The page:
Since striped skinks were most frequently found in rotting logs—either on the forest floor or in areas cleared of forest Whitaker speculated they might be arboreal, like many small skinks in other parts of the world. Over the 1970s and 1980s, circumstantial evidence mounted in support of this theory: foresters in the central North Island reported seeing striped skinks on or near newly felled trees, and Wellington ecologist Mike Meads collected two specimens from epiphytes low on a spreading mahoe tree. Whitaker suggested the best way to learn more was to check the crowns of trees immediately after they had been cut down.
In 1994, an opportunity presented itself. A King Country land-owner at Waitaanga, with a permit to clear-fell tawa forest, allowed DoC to inspect the trees as soon as they had hit the ground. Sure enough, towards the end of a long day without so much as a glimpse of a lizard, a member of the DoC team spotted a shiny tail slipping beneath a thick mat of epiphytic orchids and ferns encircling a limb on a tree felled just moments before. Within seconds he had caught the animal and was elated to find it was an adult female striped skink. The epiphytes, in the crown of the tree, had been about 22 m above the ground, and appeared to be the only place in the tree the skink could have been living.
By 1996, all indigenous New Zealand reptiles and amphibians were fully protected by law, marking the end of a long campaign by conservation groups and lizard enthusiasts to have the animals’ plight recognised. The new rules do not prevent people from keeping lizards in captivity, but now anyone with a lizard of any description has to be registered with DoC. Many New Zealanders keep geckos and skinks as pets, if the membership of the New Zealand Herpetological Society (NZHS) is any guide. The NZHS was set up in the early 1970s as a scientific group, but gradually became a lizard-keepers’ society. In the 1980s, a new scientific organisation, the Society for Research on Amphibians and Reptiles in New Zealand (SRARNZ), was created to cater for professional herpetologists.
Skinks are not difficult to keep in capt T. I remember rescuing skin caught by our pet cat when I was growing up in Gore. I kept them in a child’s bathtub until their wounds had healed, then threw them over the garden fence into the paddock, where our cat no doubt found them once more.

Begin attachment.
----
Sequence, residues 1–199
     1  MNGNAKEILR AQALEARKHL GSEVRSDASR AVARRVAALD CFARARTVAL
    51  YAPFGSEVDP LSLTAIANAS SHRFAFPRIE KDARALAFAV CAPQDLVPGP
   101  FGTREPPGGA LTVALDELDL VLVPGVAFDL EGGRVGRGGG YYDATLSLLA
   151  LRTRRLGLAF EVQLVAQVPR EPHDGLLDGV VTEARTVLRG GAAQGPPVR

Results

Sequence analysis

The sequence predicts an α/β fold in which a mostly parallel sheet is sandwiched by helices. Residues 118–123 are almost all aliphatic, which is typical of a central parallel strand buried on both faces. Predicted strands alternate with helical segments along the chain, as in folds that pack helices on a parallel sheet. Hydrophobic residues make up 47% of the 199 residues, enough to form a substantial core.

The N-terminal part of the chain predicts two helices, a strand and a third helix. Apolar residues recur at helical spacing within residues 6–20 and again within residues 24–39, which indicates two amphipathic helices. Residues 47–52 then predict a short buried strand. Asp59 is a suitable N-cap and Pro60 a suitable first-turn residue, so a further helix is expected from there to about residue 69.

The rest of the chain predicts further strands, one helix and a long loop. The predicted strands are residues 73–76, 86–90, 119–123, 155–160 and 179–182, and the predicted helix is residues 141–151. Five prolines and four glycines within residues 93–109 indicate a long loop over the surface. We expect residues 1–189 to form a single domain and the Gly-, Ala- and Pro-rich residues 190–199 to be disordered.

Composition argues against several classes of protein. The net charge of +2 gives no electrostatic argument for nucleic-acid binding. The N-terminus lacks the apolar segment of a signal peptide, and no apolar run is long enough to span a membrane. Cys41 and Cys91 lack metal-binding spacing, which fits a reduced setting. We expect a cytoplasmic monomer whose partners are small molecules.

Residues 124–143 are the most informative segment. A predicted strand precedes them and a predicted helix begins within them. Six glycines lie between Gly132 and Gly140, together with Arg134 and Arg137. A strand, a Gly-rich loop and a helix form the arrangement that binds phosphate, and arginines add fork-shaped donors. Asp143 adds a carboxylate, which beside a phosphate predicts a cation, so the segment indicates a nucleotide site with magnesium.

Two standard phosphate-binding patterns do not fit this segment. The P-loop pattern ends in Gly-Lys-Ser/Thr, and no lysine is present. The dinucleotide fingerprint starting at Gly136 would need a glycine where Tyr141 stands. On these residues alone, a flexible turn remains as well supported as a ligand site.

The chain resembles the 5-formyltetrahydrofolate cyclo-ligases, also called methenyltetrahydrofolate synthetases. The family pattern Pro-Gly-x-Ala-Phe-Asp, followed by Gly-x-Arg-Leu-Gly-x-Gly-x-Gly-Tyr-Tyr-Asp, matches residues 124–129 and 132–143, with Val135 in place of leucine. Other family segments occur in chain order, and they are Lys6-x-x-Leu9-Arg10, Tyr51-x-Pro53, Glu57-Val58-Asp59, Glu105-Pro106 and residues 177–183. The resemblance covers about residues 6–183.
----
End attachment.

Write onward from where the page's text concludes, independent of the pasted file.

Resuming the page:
Lizard-fancying children sometimes grow up into adults like Dennis Keall, who has had 30 years’ experience of breeding skinks and geckos. Most of his section in Wainuiomata is given over to his lizard collection, one of the largest in the country. A dozen custom-built cages house an equal number of species, including some of New Zealand’s rarest. He feeds his small skinks caterpillars, moths and flies, while the larger ones enjoy a more varied diet, including fruit. In his stud books, Keall records which animals have bred with one another, identifying individuals by skin colour and pattern.How does he sex them, I asked?
“It’s very difficult when the animals are young,” he explained, “but as they grow older their body proportions change, so it becomes easier. The best way, though, is just to put two skinks together and see if anything happens.”
I suspect he is playing down his expertise, for Keall has bred hundreds of lizards over the years, many of which have been farmed out to institutions such as zoos. Some of his skinks have lived a surprisingly long time: one Otago skink recently died after 27 years in captivity—and it was already an adult when caught in the wild. Keall has noticed differences in behaviour from one species to another. Some, such as Otago and scree skinks, show considerable curiosity. They come to their cage doors for food, and seem to enjoy being handled.
Keall would like to see more effort made to reintroduce mainland species, such as Otago skinks, to areas where members of the public could easily view them in the wild. David Towns agrees. Having had such success with interisland transfers, his long-term goal is to bring species currently confined to islands back to the mainland.
This will not be easy, however. The places chosen for such a project will need to be protected in perpetuity, since the skinks will need to be permanently safeguarded against the predators that eliminated them in the first place. Fortunately, DoC’s growing expertise in predator control makes this a very real possibility. The process of local extinctions and range contractions brought about by human beings might finally be reversed, and some of the glories of the country’s reptilian past restored in places where they are accessible to everyone.